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Carol Ann Duffy

Author Biography
Poem Text
Poem Summary
Historical Context
Critical Overview
Further Reading


Memories play a significant role in the poetry of Carol Ann Duffy, particularly her recollections of childhood places and events. The poem "Originally," published in The Other Country (1990), draws specifically from memories of Duffy's family's move from Scotland to England when she and her siblings were very young. The first-born child, Duffy was just old enough to feel a deep sense of personal loss and fear as she traveled farther and farther away from the only place she had known as "home" and the family neared its alien destination. This sentiment is captured in "Originally," in which it is described in the rich detail and defining language of both the child who has had the experience and the adult who recalls it.

As the title suggests, a major concern of the poem is beginnings—one's roots, birthplace, and homeland. Stanzas 1 and 2 center on the pain of giving up, or being forced to give up, the comfort of a familiar environment and of feeling odd and out of place in a new one. In stanza 3, the final stanza, Duffy does an about-face, describing what it feels like to accept fate, to resign oneself to change and move on. The last line of the poem, however, presents an intriguing conundrum: Has the speaker really learned to forgo originality, or has she not?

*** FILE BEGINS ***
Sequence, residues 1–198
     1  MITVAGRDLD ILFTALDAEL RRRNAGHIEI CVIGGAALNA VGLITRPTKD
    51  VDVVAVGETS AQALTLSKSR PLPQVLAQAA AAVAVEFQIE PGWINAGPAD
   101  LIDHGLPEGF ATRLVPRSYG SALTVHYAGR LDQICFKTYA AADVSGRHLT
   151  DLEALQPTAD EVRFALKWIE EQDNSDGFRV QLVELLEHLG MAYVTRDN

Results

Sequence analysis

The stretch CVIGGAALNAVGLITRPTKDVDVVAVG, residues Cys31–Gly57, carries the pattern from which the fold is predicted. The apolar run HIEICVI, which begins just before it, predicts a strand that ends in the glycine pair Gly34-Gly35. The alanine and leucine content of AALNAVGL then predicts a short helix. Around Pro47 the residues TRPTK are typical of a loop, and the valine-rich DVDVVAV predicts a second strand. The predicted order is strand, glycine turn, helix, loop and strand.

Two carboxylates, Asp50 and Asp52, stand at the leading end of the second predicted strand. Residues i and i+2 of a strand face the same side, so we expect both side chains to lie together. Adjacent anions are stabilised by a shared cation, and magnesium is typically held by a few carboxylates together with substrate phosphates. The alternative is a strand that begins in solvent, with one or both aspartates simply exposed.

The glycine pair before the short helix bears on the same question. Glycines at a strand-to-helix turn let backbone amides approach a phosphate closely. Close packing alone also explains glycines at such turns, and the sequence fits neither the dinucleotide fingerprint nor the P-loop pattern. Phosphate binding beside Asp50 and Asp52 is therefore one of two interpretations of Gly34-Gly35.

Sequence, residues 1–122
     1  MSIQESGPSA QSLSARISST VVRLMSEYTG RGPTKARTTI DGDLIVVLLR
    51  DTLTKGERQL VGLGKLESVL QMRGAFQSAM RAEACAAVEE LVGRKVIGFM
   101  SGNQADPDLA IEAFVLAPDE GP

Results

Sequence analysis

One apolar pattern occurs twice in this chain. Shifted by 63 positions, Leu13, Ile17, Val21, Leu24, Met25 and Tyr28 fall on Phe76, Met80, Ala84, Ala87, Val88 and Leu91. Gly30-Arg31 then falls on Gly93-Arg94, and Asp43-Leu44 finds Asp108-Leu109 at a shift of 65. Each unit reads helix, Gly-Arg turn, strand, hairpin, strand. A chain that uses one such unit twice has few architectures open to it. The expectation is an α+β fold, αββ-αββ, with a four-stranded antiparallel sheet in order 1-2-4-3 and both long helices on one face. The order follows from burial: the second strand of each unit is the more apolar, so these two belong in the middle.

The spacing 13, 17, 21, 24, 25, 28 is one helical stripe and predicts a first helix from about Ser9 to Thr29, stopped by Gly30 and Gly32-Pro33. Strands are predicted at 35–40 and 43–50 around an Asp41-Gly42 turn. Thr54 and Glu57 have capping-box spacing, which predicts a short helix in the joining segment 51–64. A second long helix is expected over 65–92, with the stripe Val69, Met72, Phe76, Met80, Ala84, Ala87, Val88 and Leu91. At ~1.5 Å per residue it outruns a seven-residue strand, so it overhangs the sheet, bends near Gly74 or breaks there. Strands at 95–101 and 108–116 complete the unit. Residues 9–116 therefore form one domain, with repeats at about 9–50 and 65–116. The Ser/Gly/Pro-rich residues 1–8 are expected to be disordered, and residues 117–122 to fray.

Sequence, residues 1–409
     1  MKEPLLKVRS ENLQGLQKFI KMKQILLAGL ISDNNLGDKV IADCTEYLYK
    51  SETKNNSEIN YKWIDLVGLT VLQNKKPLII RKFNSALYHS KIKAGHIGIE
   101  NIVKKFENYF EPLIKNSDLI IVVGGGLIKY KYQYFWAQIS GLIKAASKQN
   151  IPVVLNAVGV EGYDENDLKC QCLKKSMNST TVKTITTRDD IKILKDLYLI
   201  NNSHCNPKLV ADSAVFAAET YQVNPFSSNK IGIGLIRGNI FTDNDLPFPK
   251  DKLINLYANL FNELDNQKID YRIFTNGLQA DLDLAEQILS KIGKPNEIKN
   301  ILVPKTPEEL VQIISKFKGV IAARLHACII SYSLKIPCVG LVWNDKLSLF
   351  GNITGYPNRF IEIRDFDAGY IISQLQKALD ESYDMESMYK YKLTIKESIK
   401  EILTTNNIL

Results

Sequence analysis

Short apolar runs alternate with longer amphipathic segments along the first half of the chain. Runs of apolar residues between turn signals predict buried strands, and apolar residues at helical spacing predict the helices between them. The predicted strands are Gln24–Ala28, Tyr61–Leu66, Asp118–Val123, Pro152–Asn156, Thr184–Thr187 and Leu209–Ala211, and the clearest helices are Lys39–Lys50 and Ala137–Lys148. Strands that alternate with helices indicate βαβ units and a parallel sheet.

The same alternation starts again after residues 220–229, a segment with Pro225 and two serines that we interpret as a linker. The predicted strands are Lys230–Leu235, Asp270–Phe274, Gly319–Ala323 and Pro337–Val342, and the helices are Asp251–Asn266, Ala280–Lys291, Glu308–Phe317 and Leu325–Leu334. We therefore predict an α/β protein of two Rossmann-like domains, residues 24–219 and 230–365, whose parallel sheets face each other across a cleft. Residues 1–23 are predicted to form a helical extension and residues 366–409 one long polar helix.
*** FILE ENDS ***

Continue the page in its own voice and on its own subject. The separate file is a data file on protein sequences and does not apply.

In addition to The Other Country, "Originally" appears in The Salmon Carol Ann Duffy: Poems Selected and New 1985–1999 (2000). This book contains works chosen by Duffy specifically for the Salmon Publishing poetry series and includes poems from five of her previous volumes.

Author Biography

Carol Ann Duffy was born on December 23, 1955, in Glasgow, Scotland. When she was about five years old, she moved with her parents and younger brothers to Stafford, England, where her father took a position as a fitter with English Electric. The move to England would prove to have a profound effect on Duffy, who eventually attributed to it her sense of rootless existence and search for a new identity. Duffy's poem "Originally," published in The Other Country (1990), explores this theme, although it is only one of many that do.

Duffy attended grammar school in Stafford from 1962 to 1967 and then spent her middle school years at Saint Joseph's, a convent school, where she first learned to love poetry, both reading and writing it. Encouraged by an enthusiastic teacher, Duffy decided at age fourteen that she wanted to be a poet. From 1970 to 1974, she attended Stafford Girls' High School. Duffy's first small collection of poems, Fleshweathercock, and Other Poems, was published in 1973.

Duffy graduated from the University of Liverpool in 1977 with a bachelor's degree in philosophy and worked various jobs while continuing to develop her poetry skills and to earn extra income from freelance writing. By 1982, she was working as a writer in residence in London's East End schools, where she was able to offer the same encouragement to young writers that she had been afforded in her middle and high school years. Also during this time, Duffy met Jackie Kay, the poet and writer who would become her life partner.